The Appalachian Trail: A Biography
“Anyone who has walked even a short section of the Appalachian Trail or the Pacific Crest Trail has stepped into this dimension, which is nature’s gift to the human soul.”
“A simple footpath on which to become re-grounded in the world.”
The story of the Appalachian Trail (AT) is the story of how a portion of the American wilderness became an expansive American playground. The story, as told by Philip D’Anieri in his well-researched account, unfolds through the lives of a series of men and two women who built doggedly on each other’s work to turn a concept into a reality.
One sees in the stages of the trail’s evolution our country’s development from a largely agricultural landscape to a technologically complex, highly specialized society in which distinctions between rural and urban, natural and artificial, have begun to blur. One can also find in this story a model of how our federal system of democracy, which seeks to integrate national, state, and local interests, can be made to work when all participants share a common goal.
The roots of the trail are found in the 19th century, in the passion of an immigrant Swiss scientist, Arnold Guyot, who developed a love for the Appalachian Mountains after visiting them not long after his arrival in the United States to take up a position at Harvard University. He spent ten years doing field work, taking measurements and mapping the entire system, before publishing “On the Appalachian Mountain System” in the American Journal of Science and Arts. The year was 1861, as the country joined by this geographic feature was about to split asunder in the Civil War.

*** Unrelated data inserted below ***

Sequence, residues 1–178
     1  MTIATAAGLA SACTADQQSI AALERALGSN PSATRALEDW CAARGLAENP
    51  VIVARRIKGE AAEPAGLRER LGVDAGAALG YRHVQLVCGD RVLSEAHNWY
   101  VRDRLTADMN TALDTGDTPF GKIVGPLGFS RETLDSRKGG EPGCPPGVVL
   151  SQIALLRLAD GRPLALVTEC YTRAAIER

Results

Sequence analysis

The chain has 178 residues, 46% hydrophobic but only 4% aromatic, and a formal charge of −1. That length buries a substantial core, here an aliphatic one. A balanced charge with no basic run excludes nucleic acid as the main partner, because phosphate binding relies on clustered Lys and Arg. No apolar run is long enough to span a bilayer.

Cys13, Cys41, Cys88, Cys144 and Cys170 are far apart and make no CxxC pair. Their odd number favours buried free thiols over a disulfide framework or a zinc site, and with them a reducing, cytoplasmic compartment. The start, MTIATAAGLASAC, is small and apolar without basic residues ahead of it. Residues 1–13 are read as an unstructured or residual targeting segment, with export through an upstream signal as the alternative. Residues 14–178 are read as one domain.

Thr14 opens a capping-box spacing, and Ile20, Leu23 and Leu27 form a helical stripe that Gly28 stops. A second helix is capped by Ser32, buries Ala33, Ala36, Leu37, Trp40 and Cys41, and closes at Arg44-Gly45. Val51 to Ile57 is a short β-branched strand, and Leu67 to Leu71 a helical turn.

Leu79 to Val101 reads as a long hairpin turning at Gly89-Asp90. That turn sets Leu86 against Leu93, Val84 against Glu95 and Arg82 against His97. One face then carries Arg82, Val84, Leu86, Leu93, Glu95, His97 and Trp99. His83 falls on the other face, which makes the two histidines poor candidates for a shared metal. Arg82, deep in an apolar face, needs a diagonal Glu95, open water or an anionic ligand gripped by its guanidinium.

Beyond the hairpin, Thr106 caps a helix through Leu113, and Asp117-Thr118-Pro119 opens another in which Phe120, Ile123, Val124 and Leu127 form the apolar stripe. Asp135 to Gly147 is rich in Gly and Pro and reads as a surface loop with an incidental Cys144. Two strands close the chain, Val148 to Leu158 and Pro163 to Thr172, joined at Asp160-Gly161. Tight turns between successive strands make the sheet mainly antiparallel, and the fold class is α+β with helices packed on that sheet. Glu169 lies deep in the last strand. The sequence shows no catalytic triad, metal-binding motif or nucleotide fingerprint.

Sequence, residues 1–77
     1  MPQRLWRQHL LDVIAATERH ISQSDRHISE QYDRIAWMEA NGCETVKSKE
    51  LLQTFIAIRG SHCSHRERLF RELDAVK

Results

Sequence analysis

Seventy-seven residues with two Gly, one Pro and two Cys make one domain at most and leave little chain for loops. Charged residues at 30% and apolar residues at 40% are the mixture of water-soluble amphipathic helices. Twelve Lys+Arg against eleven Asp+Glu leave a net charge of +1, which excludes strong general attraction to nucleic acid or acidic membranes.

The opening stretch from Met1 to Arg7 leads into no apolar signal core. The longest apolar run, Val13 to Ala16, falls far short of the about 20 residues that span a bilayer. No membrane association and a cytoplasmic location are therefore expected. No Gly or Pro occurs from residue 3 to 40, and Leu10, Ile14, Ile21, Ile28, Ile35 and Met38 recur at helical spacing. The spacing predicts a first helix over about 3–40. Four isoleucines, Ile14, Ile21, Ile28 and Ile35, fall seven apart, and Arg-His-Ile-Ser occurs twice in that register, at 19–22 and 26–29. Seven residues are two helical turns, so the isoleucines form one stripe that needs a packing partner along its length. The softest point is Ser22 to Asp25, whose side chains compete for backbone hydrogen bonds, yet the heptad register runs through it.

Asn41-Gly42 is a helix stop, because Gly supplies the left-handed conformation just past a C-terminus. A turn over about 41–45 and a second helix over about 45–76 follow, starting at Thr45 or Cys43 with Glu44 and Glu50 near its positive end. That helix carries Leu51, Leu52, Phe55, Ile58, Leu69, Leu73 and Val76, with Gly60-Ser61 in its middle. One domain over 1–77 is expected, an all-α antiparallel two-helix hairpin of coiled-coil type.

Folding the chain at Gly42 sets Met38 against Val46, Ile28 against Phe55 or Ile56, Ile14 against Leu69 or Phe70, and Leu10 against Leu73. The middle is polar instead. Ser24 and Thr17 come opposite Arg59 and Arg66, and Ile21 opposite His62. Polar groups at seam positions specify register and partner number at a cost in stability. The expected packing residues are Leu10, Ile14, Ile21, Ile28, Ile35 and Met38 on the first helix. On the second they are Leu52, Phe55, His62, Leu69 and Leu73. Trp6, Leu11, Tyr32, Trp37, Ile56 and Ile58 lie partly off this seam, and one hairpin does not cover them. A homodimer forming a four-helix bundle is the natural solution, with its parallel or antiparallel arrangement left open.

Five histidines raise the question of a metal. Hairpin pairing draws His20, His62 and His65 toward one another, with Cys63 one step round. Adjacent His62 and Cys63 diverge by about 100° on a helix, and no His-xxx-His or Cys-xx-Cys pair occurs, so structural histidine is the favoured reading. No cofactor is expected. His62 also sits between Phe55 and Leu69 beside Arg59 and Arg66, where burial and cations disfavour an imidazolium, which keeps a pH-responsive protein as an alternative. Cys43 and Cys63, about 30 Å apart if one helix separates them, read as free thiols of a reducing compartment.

The next person to seize the baton in the relay was Horace Kephart, a librarian turned outdoorsman who left his family and his plum job in St. Louis to take up camping in the western mountains of North Carolina. There, he gathered information about living in the great outdoors that he published in The Book of Camping and Woodcraft. The book became an instant bestseller, riding the wave of popularity propelling the back to nature movement that swelled in the early 20th century as a reaction against industrialization.
Kephart’s large following of outdoor enthusiasts qualified him to become a Director of the Appalachian Trail Conference, which had been formed in 1925 to coordinate the activities of local AT clubs that were springing up all along the trail’s north-south corridor. Kephart’s influence reached into the United States Department of the Interior and was instrumental in the creation of the Great Smoky Mountains National Park, through which the AT passed.
James Taylor, a resident of Vermont, exemplified the kind of civic activist and booster behind the formation of local AT clubs. Taylor persuaded his state’s forestry department to cut a 100-mile trail linking Mt. Mansfield with Killington Peak, and then raised the funds to pay for it. This trail became a model for the Appalachian Trail.
The vision for an Appalachian Trail that would serve as a geographic and cultural unifier for 14 eastern states came from a US forester named Benton MacKaye, founder of the Appalachian Trail Conference. His vision was grander than simply piecing together a long hiking trail. He saw the trail as the prototype of a regional planning process that would create sustainable human communities whose commercial enterprises would harmonize with their surroundings without defacing them. In this sense he was a forerunner of the ecological mindset that guides the modern environmental movement.